The main tool at his disposal to achieve this transformation was his stunning speed of hand. Some of the passages in the closing stages of the Rhapsodie espagnole almost sound as though they were performed by a player piano in their vertiginous tempi and metronomic precision. In the Scarlatti-sonatas, meanwhile, Cziffra combines a slender tone and graceful fluidity with unparalleled athleticism, which makes some of these already poignant pieces just barely exceeding the two minute post seem like muscular miniatures. It is here that one realises that the general view of instrumental technique as a hollow form of self-presentation is in need of revision. It is not despite their virtuosity that the music lifts off here, but only because of it and these displays of strength (some of the lower-range octaves can occasionally seem as Cziffra were trying to cut through the metal of the strings with the piano's hammers) and agility only grow more stunning on repeat listens.

This is especially true as Cziffra's technique doesn't just cover the field of speed and strength, but also extends into the realms of timbre. In the Hungarian Rhapsody, his right hand arpeggios almost turn into shimmering impulse drones and on the C.P.E. Bach sonata, some of his high notes sound almost like droplets of ice. The reason why his mastery seems so perfectly at home here, regardless of whether he is dabbling his feet in 17th or 19th century literature, is because virtuosity is what combines the otherwise starkly different world views of these composers: Scarlatti, who was known as a dazzling soloist on the clavichord himself (until his late years, when, as rumour has it, he had grown too voluptuous as to be able to touch the keyboard), would doubtlessly have marveled at the Hungarian's performance of his famous Sonata KV 159. Liszt, to whom Cziffra was frequently compared both because of his no-regrets-lifestyle and animal magnetism on stage, likewise spent years in seclusion, financially supported by the monetary donations of his lover, creative muse and mentor princess Carolyne zu Sayn-Wittgenstein, in a bid of matching on his instrument the kind of technical marvels premiered by Paganini, whom he had once seen as a little boy and which had come to set the course of his entire life.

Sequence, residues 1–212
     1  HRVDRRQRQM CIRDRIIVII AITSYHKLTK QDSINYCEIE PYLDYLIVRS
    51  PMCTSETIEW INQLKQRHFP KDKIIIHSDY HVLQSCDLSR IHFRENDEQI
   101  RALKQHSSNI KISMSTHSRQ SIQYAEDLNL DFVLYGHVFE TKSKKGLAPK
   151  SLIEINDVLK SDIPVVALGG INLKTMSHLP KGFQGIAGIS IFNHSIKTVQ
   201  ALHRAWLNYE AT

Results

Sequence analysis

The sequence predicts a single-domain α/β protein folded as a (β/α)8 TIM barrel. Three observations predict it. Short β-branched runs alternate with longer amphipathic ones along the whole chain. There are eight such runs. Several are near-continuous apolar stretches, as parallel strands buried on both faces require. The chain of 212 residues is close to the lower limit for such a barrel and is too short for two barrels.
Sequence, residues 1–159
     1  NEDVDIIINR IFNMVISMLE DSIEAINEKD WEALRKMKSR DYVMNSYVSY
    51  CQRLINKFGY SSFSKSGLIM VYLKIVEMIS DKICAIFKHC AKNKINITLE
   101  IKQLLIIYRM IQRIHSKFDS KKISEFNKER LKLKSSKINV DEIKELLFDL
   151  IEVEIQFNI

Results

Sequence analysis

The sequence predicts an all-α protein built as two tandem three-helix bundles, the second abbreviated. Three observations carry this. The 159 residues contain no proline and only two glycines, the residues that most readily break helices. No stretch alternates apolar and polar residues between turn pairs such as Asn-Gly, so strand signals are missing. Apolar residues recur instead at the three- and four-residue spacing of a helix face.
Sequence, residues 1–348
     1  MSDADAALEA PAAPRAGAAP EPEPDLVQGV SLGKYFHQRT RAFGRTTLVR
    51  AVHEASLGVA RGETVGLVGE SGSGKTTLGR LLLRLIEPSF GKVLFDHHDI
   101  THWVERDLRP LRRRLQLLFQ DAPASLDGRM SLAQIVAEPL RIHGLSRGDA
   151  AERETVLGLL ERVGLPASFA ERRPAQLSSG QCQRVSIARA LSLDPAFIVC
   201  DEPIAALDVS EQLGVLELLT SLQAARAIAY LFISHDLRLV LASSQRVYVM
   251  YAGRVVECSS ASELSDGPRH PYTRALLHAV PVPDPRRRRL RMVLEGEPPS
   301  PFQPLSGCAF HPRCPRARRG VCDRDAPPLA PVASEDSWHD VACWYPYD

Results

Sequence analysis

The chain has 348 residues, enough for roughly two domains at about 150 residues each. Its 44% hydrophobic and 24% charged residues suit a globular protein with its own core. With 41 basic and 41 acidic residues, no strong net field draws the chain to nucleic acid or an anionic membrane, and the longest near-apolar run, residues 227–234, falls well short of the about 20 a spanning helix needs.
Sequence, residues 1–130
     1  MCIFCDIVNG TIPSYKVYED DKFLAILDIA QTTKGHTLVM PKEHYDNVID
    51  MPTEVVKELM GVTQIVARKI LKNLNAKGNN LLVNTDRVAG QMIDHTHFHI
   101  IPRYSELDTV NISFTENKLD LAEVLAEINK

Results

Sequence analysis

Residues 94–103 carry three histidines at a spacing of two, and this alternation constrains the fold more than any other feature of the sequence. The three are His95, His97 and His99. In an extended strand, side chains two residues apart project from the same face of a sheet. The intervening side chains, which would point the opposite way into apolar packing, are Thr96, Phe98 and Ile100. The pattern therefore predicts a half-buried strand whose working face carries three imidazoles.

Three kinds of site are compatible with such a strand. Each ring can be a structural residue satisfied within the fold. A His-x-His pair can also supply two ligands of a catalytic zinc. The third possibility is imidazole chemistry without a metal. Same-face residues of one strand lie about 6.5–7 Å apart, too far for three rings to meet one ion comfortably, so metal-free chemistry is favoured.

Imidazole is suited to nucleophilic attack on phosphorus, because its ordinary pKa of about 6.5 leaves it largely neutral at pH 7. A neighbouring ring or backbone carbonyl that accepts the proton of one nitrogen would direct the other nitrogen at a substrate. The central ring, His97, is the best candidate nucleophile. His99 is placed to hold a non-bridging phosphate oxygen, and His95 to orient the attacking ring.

Virtuosity to these men never just meant stunning their audiences (although, in the light of their highly lucrative careers as live performers, this must have played an essential role as well), but to use novel performing devices as a means of taking their audiences to places they'd never seen or heard before – or considered outright Utopian. It is this quality which Cziffra's playing evokes in these pieces and the moment when the danceable groove of Couperin is pulverised by the monolithic opening chords of the Rhapsodie espagnole is not one of stylistic contrasts but spiritual elevation, in which time and space fold back on themselves. History will undoubtedly have played its part in finding these links and points of contact, but he may not have needed to go back quite that far in time. Perhaps he was simply thinking about his own run for freedom and how only absolute and uncompromising resolve could lead him through the door signed „exit“ and into a new life.

Eventually, of course, he would have to face another exit. Cziffra died in 1994, from the complications of a tumor in his lung brought about by excessive alcohol and tobacco consumption. He will not have looked back on his fate in anger. This time, after all, the wounds were of his own devising.

By Tobias Fischer

Homepage: ICA Classics